What you may call silver or metal fillings and what dentists call amalgam restorations have been around for many years. Many people have lots of these fillings in their mouths and there has been much debate about their safety in the past but despite this lots of these are still placed in the UK. read this article and in particular the conclusion on mercury and other amalgam issues if you are at all concerned.
Amalgam fillings have a good track record with many patients having had them in their mouths for twenty years without need for replacement. They are strong, hardwearing and will not wear away the teeth that they are biting against any more so than your natural teeth would. They are cheaper for the patient not only as the materials are generally less expensive to buy but they generally take less time to place than white (composite) fillings
The disadvantages of amalgam fillings are that they do not add any strength to the tooth they are being used in, they are used to replace the decayed tooth substance so as the tooth decay does not progress. Large amalgam fillings may be difficult for the dentist to carve into the original tooth shape although there are many dentists that can do this very well!
There are a small proportion of patients that will be allergic to one or more of the alloys in the material which if so will usually cause a white patch on the gum or cheek next to the filling. If this happens they should be replaced with a different material
Amalgam fillings do not bond to your teeth, they just fill the space where tooth is missing and so small cavities/holes need to be made so as when amalgam is packed into them it is held in. If this is not possible then sometimes small pins are placed to hold the filling in place but this is not ideal and in these cases a less damaging and more suitable option would probably be a bonded onlay whether it be metal or white (which in the case of an onlay would be porcelain) see onlay page for an explanation
So if you need small to medium sized fillings and you are not bothered about colour then amalgam may be the most cost effective choice, although use your own judgement in each case as well as your own dentists advice.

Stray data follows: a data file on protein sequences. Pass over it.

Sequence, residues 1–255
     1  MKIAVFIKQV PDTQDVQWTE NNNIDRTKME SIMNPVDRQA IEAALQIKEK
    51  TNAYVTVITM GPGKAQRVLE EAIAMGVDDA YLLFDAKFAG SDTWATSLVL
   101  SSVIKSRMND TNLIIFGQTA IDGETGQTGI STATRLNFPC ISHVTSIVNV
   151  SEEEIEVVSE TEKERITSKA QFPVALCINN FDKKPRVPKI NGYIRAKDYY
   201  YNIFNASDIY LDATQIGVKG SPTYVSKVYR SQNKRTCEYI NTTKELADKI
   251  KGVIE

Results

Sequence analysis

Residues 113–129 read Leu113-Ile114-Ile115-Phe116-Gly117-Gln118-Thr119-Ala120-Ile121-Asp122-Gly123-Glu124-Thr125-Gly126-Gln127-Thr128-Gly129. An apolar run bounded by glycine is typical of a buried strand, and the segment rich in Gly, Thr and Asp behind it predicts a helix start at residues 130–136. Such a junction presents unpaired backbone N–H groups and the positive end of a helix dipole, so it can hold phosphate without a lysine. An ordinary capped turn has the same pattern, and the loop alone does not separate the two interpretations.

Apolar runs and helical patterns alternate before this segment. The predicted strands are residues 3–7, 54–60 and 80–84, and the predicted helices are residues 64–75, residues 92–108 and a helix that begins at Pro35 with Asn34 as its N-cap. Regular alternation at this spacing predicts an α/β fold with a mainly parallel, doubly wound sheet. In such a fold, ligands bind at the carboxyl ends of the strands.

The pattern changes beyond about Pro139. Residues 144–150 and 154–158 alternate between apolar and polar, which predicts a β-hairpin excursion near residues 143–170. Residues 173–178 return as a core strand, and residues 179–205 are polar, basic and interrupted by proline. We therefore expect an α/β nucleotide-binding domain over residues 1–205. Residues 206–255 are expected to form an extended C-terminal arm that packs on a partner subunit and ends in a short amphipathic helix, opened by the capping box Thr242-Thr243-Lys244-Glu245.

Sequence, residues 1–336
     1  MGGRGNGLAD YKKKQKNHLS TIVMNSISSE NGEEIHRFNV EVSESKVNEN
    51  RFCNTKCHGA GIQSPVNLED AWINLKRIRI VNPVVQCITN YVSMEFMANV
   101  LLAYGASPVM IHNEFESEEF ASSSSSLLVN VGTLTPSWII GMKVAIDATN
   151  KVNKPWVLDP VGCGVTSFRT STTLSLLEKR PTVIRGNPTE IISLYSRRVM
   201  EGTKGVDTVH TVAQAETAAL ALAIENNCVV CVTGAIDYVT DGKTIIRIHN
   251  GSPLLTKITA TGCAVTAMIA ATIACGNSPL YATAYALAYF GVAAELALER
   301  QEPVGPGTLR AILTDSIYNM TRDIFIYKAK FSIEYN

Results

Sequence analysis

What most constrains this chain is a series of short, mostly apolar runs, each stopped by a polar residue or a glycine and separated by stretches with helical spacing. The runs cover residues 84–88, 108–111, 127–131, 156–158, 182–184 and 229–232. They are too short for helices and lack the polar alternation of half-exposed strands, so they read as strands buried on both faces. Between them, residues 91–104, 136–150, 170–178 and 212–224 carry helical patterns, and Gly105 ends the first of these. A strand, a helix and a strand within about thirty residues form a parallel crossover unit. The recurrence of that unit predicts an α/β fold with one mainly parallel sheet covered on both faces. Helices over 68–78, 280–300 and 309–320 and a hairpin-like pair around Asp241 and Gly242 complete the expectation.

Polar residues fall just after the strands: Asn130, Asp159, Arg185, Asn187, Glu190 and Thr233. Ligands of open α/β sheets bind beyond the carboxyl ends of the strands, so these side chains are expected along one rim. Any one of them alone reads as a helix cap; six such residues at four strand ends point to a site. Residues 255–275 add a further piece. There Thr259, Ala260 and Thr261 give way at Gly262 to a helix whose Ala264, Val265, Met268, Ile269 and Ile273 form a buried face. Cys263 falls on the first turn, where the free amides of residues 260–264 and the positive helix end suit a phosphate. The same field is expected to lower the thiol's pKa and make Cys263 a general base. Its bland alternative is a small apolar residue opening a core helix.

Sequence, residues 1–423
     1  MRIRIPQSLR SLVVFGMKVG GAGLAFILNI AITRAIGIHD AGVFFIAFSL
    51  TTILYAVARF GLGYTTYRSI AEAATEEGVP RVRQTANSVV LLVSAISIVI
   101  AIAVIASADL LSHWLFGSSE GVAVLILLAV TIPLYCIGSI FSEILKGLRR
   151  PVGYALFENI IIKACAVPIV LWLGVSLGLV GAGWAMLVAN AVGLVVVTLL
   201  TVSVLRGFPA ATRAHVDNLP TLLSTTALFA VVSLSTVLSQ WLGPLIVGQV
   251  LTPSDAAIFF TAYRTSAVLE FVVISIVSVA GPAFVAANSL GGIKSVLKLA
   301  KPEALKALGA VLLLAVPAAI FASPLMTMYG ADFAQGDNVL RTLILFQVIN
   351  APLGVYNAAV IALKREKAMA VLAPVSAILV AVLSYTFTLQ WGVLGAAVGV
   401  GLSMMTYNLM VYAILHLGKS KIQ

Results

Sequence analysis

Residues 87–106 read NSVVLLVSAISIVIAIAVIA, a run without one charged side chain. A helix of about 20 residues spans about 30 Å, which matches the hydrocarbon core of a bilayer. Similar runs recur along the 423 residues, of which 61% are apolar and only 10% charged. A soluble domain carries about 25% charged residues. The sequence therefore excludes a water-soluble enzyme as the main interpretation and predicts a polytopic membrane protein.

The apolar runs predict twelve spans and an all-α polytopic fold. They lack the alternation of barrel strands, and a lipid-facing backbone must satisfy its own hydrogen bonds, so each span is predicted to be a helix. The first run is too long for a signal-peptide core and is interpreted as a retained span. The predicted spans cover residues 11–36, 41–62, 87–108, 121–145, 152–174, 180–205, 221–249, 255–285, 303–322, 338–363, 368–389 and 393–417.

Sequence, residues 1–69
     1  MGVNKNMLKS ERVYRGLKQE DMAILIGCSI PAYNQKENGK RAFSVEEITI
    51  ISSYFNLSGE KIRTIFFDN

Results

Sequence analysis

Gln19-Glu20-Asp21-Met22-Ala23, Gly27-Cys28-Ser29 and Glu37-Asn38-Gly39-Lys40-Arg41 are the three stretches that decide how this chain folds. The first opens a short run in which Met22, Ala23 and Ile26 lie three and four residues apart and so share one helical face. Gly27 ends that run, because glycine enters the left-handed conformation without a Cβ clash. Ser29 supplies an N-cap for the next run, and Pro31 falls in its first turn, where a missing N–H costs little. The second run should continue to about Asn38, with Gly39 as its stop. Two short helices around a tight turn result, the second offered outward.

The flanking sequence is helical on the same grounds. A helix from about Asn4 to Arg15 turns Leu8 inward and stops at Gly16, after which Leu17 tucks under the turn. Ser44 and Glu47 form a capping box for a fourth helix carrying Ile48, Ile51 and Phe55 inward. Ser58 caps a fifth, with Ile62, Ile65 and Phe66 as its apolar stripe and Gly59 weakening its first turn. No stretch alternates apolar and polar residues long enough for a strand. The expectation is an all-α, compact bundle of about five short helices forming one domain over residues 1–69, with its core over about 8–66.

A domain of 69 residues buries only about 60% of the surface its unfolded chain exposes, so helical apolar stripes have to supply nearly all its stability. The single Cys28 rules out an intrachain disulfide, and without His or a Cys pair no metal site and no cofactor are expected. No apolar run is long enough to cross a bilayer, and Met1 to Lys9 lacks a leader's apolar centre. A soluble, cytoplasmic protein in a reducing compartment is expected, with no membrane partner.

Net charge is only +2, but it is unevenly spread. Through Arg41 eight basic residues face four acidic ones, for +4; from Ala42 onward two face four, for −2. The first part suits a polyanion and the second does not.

Fees vary greatly depending on the type and size of fillings as well as the experience of the dentist. A composite filling may range from £40 - £250 or more depending on the size; an amalgam from £30 - £150 depending on the size and onlays/crowns/veneers as discussed before from £300 - £1000 or more depending on materials, location and whether you need additional items such as extra models, visits to the lab for shade matching etc. If you have a query about a fee, your dentist will most likely be happy to explain what is involved and why the fee is set at what it is or you can always ask a dentist here. Amalgam restorations will be available from health service dentists at the health service fee and composite restorations may also be available on front teeth on the health service at health service fees. It may be worth asking about a private alternative if you are a health service patient but would like the best or most aesthetic treatment possible
White composite fillings take longer to place than silver fillings as they are generally placed in small increments and then require polishing afterwards. This means a medium sized filling which would take 20 minutes in amalgam may take 45 minutes in white composite filling material and so the fees will reflect this and the increased material cost. Some Dentists are more experienced than others when it comes to placing composite/white fillings and some have a special talent in making them look very realistic even under magnification! Others may not be quite as artistic but all dentists should be able to place an aesthetic white bonded filling which will match the colour and shape of your tooth closely.
The drawback with white fillings is that the area they are placed needs to be completely dry in order for them to stick onto your teeth properly. This is why many dentists will place a big rubber sheet around your tooth called a rubber dam to keep the area dry, others may use cotton wool rolls and suction but if the area cannot be kept dry throughout the entire procedure then this filling will not stick properly and it will not last. This may be why your dentist suggests crowns, onlays or amalgam fillings in very back teeth that they are struggling to keep dry whilst working on.
Now for white fillings/restorations - these bond to your tooth and are white and so can look very realistic. There are very few people allergic to the materials used for these and they should be the go to option for teeth with small to medium sized cavities/holes/fractures. Again these can sometimes be difficult to replicate the shape of the missing tooth they are replacing but really this depends on your dentists experience with the material and what they have found to work best in their hands. for smaller fillings it should generally be white composite filling material but in larger fillings they may suggest a lab made onlay instead if they feel this will be more cost effective for yourselves in the long term and give you a better result.